The Coal Trader

Indonesia unlikely to relinquish top exporter position in foreseeable future

With Indonesia’s 2024 thermal coal exports expected to upstage last year’s record feat of 508 million mt, factors such as Indonesia’s rising domestic demand, global efforts at reducing thermal coal usage and possible resource nationalism are unlikely to deter the country from its unyielding position as the world’s largest coal exporter.

Indonesia has set a coal production target of 710 million mt for 2024, according to industry sources, with domestic market supplies seen at a minimum 181.28 million mt while consumption likely higher. Nevertheless, this along with forecasts of higher domestic power consumption, a decline in seaborne coal demand and an increase in nickel production are unlikely to keep a lid on Indonesian exports.

“Around 450 million mt of coal will remain for global consumption and assuming seaborne demand falls 5%-7% every year, it will take nearly two decades for coal to get out of the system,” an Indonesia-based miner said. “Moreover, there’s no country in this world currently with such a huge export capacity.”

Indonesia’s nickel production is projected to increase this year, government officials said, with several new smelters starting operations after the country contributed to nearly half of global output when it produced 1.8 million mt in 2023. Since Indonesia frequently incorporates coal in its production of nickel, either as a direct reductant or for captive power generation, nickel production has become a significant factor driving coal demand.

“The demand for coal by nickel smelters are on a continuous rise. By the end of this year, the total supply of thermal coal to smelters will be close to 70 million mt and we are expecting at least 10 million-15 million mt more for the upcoming year,” an Indonesia-based miner said.

Moreover, according to the country’s energy ministry, or ESDM, Indonesia’s electricity demand is expected to grow with the start up of 35,000 MW of new steam power plant projects. In 2024, domestic electricity consumption is targeted to reach 1,408 kWh/capita, from around 1,285 kWh/capita in 2023 and 1,173 kWh/capita in 2022. The ESDM in December 2023 auctioned four new coal mining blocks — two in Kalimantan and two in Sumatra.

The International Energy Agency’s electricity analysis and forecast for 2024-2026 expected Indonesia’s coal-fired generation to increase by around 5% in this period and maintain a steady share in the electricity generation mix. All put together, the IEA projected Indonesia’s domestic demand to reach 284 million mt by 2026, up from less than 200 million mt in 2024.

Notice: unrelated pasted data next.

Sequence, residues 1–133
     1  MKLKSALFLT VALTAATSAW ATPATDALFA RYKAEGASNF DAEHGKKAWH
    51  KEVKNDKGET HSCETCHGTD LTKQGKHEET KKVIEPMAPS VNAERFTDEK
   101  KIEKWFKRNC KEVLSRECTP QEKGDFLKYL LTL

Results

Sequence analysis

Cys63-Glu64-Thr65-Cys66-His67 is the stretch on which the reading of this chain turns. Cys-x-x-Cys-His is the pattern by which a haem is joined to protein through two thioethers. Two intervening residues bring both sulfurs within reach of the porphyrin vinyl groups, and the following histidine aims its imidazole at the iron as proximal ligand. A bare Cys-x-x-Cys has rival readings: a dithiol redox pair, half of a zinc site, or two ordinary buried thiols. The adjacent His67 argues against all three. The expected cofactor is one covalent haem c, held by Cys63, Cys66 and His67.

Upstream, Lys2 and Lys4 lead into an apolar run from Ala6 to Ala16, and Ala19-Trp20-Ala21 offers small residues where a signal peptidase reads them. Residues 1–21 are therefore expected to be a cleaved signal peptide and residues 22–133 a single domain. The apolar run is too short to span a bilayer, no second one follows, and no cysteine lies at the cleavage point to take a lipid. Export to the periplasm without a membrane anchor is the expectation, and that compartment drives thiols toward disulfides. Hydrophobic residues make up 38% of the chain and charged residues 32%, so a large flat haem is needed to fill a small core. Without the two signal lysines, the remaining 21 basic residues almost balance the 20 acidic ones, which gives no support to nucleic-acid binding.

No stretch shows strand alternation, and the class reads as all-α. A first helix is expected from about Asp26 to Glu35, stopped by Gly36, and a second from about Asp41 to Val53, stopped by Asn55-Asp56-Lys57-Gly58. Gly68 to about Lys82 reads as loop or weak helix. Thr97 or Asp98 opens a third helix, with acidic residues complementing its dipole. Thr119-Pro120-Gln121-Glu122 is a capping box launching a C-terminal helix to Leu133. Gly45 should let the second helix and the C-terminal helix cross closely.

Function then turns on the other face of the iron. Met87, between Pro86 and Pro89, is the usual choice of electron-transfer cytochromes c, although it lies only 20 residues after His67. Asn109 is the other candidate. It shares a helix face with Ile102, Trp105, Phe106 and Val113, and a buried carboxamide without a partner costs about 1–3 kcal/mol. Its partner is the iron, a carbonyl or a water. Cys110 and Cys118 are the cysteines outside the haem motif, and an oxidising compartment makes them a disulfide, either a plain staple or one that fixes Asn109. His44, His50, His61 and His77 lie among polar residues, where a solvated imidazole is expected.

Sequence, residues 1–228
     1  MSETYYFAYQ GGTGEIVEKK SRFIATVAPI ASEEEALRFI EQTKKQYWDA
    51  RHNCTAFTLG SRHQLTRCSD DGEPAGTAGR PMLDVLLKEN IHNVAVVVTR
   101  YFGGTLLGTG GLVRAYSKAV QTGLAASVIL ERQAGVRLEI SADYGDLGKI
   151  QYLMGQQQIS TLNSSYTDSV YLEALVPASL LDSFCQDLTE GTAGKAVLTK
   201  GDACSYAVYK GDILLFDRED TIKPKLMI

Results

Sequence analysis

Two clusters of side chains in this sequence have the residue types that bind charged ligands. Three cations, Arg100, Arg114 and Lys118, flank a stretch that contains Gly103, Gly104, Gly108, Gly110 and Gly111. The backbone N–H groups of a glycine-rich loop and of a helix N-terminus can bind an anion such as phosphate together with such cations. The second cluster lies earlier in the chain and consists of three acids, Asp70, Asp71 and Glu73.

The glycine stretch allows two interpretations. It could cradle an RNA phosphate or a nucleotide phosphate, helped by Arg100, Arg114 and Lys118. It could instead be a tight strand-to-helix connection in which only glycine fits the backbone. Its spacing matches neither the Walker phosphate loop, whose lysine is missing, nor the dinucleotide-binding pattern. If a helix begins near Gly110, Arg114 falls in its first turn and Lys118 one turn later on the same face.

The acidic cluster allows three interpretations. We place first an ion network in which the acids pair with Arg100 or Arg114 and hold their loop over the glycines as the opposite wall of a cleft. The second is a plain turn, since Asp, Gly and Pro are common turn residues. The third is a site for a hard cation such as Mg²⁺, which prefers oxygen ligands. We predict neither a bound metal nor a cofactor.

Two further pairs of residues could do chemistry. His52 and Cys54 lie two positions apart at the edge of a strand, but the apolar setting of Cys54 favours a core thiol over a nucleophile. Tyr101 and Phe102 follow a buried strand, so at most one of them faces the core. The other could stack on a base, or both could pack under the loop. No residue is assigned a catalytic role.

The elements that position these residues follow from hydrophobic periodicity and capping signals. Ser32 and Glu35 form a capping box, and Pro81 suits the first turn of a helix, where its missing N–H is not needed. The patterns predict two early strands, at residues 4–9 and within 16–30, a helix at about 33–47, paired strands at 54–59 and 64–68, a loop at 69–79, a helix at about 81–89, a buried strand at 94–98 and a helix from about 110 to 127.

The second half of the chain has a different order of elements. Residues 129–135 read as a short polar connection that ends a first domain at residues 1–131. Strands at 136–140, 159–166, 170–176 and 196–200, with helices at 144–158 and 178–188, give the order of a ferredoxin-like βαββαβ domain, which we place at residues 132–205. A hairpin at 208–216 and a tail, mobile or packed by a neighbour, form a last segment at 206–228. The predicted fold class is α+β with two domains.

Considering the average decline per year in global coal consumption, countries including Australia with around 200 million mt export capacity, Russia with 150 million-170 million mt capacity and South Africa with 50 million-70 million capacity will not be spared, industry sources said. But this will still keep Indonesia at the top.

Resource nationalism, which refers to a government’s assertion of control over a country’s natural resources, appears to be on the rise for metals in Indonesia. Miners believe the country is unlikely to move aggressively towards nationalizing several of its key coal producers given that export revenue from coal is one of the highest among other commodities.

Indonesia’s advantage

Indonesia is the sole exporter of low CV thermal coal ranging from 3,400 kcal/kg GAR to 4,200 kcal/kg GAR, grades with low ash and low sulfur content, making it a preferred choice for importers across Asia. But more so for the world’s two largest importers China and India as they have yet to show signs of reducing coal consumption amid a lack of renewables and gas-based generation growth, have a heavy dependence on coal and longer net zero targets of 2060 and 2070, respectively.

According to market participants, the blend of competitive prices and geographical proximity is projected to enable Indonesia to sustain its coal exports even as prices decline.

“A rise in capital expenditure or inflation are recurring issues but that cannot stop coal miners from producing. They can try to project a supply constraint to hold prices but if you compare the thermal coal prices today with that of three years back, even at these prices, exports will be more profitable to miners,” an India-based trader said.

Asian thermal coal prices have been under pressure since the start of 2023 as suppliers from across the globe flocked to Asia in a quest for buyers amid healthy stockpiles in Europe due to a lower coal-burn.

The Platts-assessed FOB Kalimantan 4,200 kcal/kg GAR averaged at $63.05/mt in 2023, S&P Global Commodity Insights data showed, sliding down from $90/mt at the start of the year to $58/mt by the end. This led to more exports in the third and fourth quarters compared with the earlier two quarters as buyers made the best of falling prices. Platts assessed the grade at $57.05/mt FOB Feb. 7, down from $58.15/mt FOB at the start of the new year.

In the latest International Thermal Coal Market Forecast report, analysts at S&P Global expected FOB Kalimantan 4,200 kcal/kg GAR to range between $59.15/mt and $54.91/mt through 2024 due to subdued demand from major consumers like China and India.

Apart from prices, the duration to transport coal from Indonesia to China and India is considerably shorter compared with other loading regions. This geographical advantage enables Indonesian exporters to secure spot deals for urgent shipments more effectively.

“The domestic market cannot absorb even half of what Indonesia produces. If prices continue to fall, small miners will be priced out of the market but Indonesia will still continue to be one of Asia’s largest exporter,” said Pat See Khoo, senior analyst at S&P Global.

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